To  generate some interest in the project and to give you an idea of what the finished book will contain, here is a short “teaser” video. The source material is the first movement from Mozart’s Concerto for Horn, K. 447.

As you will notice, I am performing both parts, through the magic of multi-track editing and recording. Because of the somewhat impromptu nature of the recording, I decided not to put any of my students on the spot. However, in the future I will definitely invite my students to join me (if they are willing!) for additional videos.

I am having a great time working on this project, and look forward to its completion. Adapting these works for horn duo is a tremendous learning experience, requiring in-depth study of the entire score. In some instances a small amount of re-composition is required in order to make the voice leading work for two voices or to make a part more playable on the horn. In all cases, I have tried to be as faithful as possible to the composer’s score.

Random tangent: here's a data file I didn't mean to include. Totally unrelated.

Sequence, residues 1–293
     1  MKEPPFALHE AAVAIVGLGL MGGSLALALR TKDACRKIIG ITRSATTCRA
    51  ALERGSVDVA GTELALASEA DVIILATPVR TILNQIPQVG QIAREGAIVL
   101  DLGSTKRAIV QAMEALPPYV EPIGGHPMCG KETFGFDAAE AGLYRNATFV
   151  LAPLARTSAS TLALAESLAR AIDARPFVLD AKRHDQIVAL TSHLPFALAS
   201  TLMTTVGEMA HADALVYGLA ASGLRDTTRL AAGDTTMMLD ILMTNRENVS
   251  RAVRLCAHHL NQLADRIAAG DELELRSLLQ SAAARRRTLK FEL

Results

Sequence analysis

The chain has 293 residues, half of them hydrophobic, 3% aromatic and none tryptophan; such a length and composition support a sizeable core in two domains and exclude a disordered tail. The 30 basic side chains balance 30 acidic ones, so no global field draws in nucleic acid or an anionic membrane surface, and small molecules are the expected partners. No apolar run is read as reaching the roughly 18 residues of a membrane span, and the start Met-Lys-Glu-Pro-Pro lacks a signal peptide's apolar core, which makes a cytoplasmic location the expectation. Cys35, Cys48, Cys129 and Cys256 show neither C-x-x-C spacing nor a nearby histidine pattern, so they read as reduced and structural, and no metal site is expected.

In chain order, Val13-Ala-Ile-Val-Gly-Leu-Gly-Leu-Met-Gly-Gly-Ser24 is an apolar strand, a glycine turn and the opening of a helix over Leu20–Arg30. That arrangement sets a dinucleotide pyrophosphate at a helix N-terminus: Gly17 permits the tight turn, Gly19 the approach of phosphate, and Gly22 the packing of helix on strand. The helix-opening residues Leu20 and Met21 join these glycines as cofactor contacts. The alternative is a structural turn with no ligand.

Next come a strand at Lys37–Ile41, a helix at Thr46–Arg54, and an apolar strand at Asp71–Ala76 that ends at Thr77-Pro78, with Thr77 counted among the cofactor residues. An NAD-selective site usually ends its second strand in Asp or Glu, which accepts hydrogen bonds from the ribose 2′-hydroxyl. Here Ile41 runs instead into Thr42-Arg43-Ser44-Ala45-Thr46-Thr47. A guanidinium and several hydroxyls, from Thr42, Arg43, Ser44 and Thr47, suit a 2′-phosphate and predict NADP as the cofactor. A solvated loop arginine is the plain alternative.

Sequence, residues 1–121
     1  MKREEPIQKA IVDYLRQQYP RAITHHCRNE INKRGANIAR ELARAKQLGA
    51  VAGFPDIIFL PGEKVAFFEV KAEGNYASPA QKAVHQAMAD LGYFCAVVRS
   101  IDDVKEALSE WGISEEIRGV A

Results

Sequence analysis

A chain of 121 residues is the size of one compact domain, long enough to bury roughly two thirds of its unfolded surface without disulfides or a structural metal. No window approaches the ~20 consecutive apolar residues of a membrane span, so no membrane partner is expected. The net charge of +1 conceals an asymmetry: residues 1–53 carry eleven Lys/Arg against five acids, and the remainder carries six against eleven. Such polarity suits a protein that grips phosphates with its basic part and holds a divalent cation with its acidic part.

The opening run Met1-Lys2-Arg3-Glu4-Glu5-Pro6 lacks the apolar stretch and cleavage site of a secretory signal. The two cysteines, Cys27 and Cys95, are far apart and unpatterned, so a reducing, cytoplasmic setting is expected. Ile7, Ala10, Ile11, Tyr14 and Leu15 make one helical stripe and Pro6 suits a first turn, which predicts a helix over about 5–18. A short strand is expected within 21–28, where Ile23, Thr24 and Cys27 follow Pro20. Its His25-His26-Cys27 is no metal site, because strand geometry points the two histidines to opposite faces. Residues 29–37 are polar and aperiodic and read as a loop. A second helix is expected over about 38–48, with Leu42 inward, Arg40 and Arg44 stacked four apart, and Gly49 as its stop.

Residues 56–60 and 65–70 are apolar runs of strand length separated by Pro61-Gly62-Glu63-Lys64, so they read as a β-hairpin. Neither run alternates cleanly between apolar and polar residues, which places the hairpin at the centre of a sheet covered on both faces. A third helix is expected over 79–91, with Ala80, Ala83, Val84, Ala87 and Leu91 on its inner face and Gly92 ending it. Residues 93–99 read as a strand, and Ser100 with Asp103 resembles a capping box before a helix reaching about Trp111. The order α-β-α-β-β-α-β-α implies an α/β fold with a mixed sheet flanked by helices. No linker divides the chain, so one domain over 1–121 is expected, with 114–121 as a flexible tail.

Stay tuned for more updates!

 

New Resource: Kopprasch Guide, Tips and Suggestions for the Op. 6 Studies

Over the last few days I’ve gone through all of my posts related to the Kopprasch Project, and compiled them into a single document. As I wanted to focus only on tips and suggestions for the etudes themselves, the original posts have been edited for content. A link to a YouTube video of each study is included as well. Teachers and students should feel free to edit and/or amend my comments as necessary. They are only suggestions. Enjoy!

You can download the guide here, Kopprasch Guide: Tips and Suggestions for the Op. 6 Studies, and also on the Resources page.

Kopprasch Project: Some Final Thoughts